Frederic wakes up in the morning to find Ethel and Aaron singing in the kitchen. Ethel is now all in on keeping Aaron in the house; a total reversal. Frederic mentions that he’s been having his memory lapses for the past twenty years, ever since they moved from up north. After a very short while, they’re both happy to have Aaron there.
Out of the blue, Aaron tells Frederic that he wants Frederic to kill him. If he doesn't, Aaron says he’ll take Ethel with him. This is Frederic’s punishment. Frederic says he needs to leave now, but Aaron passes out once again, eliciting sympathy from Ethel. Things get weird after that. Aaron says he’s trying to save himself as much as Frederic and Ethel.
Aaron really does want to die. He says he was forced to kill their daughter on her bicycle. He thinks he was possessed. He reaches over to a flower, and it wilts immediately. They argue dramatically.
Turns out, twenty years ago, Frederic raped a woman who kept it quiet. Later, the woman died in childbirth, and Frederic ran away to another clergy. Aaron says he is that son, and Frederic actually prayed for justice during one of his lapses. This is the justice Frederic prayed for; this is his penance. Aaron insists that Frederic kill him.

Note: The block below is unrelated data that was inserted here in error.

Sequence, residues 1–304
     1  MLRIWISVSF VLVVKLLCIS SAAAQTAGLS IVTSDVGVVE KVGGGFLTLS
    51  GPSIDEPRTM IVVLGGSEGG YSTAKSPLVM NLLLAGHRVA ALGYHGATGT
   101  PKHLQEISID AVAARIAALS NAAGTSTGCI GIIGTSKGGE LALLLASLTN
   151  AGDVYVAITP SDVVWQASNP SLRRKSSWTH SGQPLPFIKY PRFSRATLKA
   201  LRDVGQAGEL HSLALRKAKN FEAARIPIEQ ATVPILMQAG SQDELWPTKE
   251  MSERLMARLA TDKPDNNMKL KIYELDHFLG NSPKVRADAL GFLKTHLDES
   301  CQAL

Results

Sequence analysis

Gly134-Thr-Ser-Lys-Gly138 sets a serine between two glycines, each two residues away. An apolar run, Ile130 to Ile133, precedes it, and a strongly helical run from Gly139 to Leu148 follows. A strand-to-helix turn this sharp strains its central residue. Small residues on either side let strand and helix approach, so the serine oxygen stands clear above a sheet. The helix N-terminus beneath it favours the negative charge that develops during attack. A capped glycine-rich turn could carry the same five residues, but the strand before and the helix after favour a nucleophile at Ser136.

Frederic goes to see Graham at the church, and they discuss sins. Graham suggests that Frederic’s conscience is causing all this. Maybe.
When he returns home, Ethel informs him that Aaron will be moving into their daughter’s room. He’s not leaving.
Frederic apologizes for leaving Aaron all those years ago. He apologizes for leading his mother along and using her. He’s not, however, willing to compound his sins by murdering Aaron.
Doris drops by again. She talks to Frederic about her nightmares. She feels like she let them down with her weakness, so she asks him for a blessing. When Frederic goes to look for his Bible, Aaron hurts Doris badly. Aaron admits to Ethel that he did it; he reveals everything about Frederic to her. Aaron ramps up the pressure until Frederic finally does stab him.
The police arrive, and officer Mary approaches Frederic. Frederic sees fireballs falling from the sky right toward him.
It’s all filmed in black and white to accentuate the moodiness and old-fashioned feeling of the film. There are some good sets and scenery, and the cinematography is quite good. It’s very much like a stage play, there’s never more than three people on screen at one time. Things develop slowly, but even with a bit of explanation in the middle, it’s not clear how it’s all going to end.